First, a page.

My Honest Reaction: Delphi Pro Gaming Report (Yuga Labs)

Earlier this week, we published a report analyzing Yuga Labs’ vision to build out a gaming ecosystem, with a focus on the core business model at work. The report — available for Delphi Pro subscribers — outlines Yuga’s efforts thus far with casual games as they continue to work on their flagship experience, dubbed “The Otherside”.

We all know of Yuga Labs. They created Bored Apes and all its derivatives (BAKC, MAYC); they bought the IP for CryptoPunks from Larva Labs. They don’t just own the IP for two important NFT collections, they also have a huge amount of runway from their $450M fundraise + collections they sold + their take from the APE token launch. Joe estimates in the report that Yuga Labs has roughly $750M at their disposal.

Now, Yuga’s plan is pretty simple: take their time building the Otherside metaverse and feed the market with tiny, casual games in the meantime so people don’t get restless/give up on them. The biggest risk here, in my opinion, is if Yuga is able to keep interest up with games like Dookey Dash and HVMTL, but is unable to deliver on the Otherside. In fact, I would argue that their strategy is gradually raising expectations for the Otherside. The longer they take to ship that while distracting their core user base with ancillary games, the higher expectations get.

It would be extremely disappointing if all of this went in vain given the vast resources they have. But what’s more interesting — and some may consider this troubling — is the ability for other NFT collections to run the same playbook.

Chiru Labs, the creators of Azuki, have raised approximately $600K via formal fundraises. But they also pocketed over $30M from the sale of Elementals — their somewhat controversial new NFT collection. From the team spaces last month, it does seem like they are heading in a similar direction of building an immersive experience with Azuki’s at the center.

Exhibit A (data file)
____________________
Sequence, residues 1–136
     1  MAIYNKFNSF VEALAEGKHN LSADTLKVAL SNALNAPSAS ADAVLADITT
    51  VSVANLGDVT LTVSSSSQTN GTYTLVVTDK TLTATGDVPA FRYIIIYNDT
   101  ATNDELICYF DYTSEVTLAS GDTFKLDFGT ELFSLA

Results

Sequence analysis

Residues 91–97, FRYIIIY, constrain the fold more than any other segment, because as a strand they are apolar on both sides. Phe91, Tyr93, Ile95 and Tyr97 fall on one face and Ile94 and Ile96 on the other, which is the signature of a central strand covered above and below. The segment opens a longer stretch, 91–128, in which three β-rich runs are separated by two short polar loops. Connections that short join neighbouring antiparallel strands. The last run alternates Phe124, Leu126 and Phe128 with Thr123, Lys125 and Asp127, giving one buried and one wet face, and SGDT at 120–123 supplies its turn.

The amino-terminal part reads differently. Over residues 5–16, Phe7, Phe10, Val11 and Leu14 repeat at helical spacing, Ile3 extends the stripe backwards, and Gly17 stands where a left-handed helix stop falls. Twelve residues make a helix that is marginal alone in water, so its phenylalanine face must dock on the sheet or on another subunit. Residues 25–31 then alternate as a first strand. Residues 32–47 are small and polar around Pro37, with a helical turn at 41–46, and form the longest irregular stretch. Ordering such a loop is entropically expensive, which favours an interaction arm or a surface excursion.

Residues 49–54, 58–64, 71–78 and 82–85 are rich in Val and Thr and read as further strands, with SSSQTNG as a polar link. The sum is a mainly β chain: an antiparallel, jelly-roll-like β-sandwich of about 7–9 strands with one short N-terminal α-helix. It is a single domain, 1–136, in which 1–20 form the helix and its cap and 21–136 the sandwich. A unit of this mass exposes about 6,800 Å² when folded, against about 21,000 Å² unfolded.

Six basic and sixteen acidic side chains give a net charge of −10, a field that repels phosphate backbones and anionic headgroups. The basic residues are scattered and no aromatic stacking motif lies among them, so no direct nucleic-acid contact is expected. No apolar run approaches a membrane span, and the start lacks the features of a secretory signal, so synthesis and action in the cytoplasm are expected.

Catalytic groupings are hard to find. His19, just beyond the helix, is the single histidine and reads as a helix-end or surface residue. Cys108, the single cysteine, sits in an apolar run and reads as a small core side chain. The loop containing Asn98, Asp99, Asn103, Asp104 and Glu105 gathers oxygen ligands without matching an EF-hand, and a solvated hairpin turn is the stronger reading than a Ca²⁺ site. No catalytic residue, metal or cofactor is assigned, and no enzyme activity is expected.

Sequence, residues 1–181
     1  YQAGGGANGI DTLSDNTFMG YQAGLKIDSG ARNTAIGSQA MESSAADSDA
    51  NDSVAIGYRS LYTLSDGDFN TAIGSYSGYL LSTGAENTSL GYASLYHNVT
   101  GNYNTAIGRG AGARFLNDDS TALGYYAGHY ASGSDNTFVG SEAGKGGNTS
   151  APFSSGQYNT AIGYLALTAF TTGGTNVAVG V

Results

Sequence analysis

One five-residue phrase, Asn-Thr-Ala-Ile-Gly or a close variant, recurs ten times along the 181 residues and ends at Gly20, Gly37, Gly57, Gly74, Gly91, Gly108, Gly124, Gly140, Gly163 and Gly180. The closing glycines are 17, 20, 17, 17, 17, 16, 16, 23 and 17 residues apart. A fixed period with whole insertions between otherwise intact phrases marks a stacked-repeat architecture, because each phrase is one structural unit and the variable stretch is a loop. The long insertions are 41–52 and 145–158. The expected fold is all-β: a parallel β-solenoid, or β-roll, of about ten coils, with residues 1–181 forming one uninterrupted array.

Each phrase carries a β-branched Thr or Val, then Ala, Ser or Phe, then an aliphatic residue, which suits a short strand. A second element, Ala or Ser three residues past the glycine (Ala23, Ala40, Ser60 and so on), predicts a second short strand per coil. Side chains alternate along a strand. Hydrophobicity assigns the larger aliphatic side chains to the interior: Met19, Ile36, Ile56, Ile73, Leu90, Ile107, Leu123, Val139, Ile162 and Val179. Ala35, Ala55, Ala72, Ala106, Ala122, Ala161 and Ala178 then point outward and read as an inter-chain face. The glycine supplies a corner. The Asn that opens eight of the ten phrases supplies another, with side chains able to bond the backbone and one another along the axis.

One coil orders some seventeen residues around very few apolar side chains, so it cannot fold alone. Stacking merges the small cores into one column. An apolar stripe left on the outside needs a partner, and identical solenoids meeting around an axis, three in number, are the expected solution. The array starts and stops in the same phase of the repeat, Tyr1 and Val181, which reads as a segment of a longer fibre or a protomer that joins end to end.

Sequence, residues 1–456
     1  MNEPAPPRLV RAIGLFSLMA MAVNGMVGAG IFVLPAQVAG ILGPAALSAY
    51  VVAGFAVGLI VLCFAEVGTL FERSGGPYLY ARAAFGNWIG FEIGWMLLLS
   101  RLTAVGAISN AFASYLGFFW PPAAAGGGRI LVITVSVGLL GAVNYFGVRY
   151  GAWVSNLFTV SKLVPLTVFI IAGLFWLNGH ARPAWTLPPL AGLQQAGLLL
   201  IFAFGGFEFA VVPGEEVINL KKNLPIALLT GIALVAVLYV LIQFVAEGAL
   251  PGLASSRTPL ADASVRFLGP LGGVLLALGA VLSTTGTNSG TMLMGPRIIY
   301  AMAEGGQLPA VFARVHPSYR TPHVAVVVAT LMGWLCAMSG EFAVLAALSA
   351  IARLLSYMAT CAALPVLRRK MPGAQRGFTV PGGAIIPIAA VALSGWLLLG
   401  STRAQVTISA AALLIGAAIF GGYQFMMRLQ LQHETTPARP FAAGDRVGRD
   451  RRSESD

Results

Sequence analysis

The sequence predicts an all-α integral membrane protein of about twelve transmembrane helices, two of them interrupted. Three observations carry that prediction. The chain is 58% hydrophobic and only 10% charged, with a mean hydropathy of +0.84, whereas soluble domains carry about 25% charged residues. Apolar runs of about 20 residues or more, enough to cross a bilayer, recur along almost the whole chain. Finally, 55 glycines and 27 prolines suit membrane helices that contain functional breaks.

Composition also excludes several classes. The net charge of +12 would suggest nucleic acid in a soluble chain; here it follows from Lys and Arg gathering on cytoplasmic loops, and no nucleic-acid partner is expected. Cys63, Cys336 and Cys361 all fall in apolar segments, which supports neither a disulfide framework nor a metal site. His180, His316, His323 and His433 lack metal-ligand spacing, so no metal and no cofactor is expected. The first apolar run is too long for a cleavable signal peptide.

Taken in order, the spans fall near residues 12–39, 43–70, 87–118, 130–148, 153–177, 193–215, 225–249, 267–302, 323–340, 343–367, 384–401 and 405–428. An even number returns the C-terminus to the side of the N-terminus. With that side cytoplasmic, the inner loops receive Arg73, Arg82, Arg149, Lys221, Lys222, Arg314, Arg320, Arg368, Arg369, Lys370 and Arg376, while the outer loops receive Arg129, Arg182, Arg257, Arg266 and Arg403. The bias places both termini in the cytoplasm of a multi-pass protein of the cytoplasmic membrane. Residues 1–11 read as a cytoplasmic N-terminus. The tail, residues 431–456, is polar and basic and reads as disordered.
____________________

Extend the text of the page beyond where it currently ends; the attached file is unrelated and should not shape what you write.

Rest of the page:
Now, the Yuga approach has no real merit yet in my eyes. Not until they actually deliver a terrific experience with “The Otherside” given the amount of capital they can spend. And it would be far from ideal if their business model falls flat and a bunch of other collections blindly follow the same path.

So to the larger question this report tries to answer, of whether Yuga Labs approach to building a gaming ecosystem seems sustainable, my take right now is that it hasn’t really proven much yet. If they do simply launch one “temple-run-esque” game after another, then I would expect interest to eventually permanently dissipate. It’s vital, in my opinion, that the end-game of a successful Otherside launch comes to fruition to prove out this model.

They way things are going, I see one core assumption when it comes to user acquisition: focusing on people who are deeply invested in the Ape ecosystem. Following this path keeps revenue per user high but overall user numbers relatively low compared to other games, as the report astutely points out.

There’s no doubt in my mind that Yuga are trailblazers attempting to pioneer a completely new business model. Whether this is viable or not remains uncertain given how experimental all of this is.

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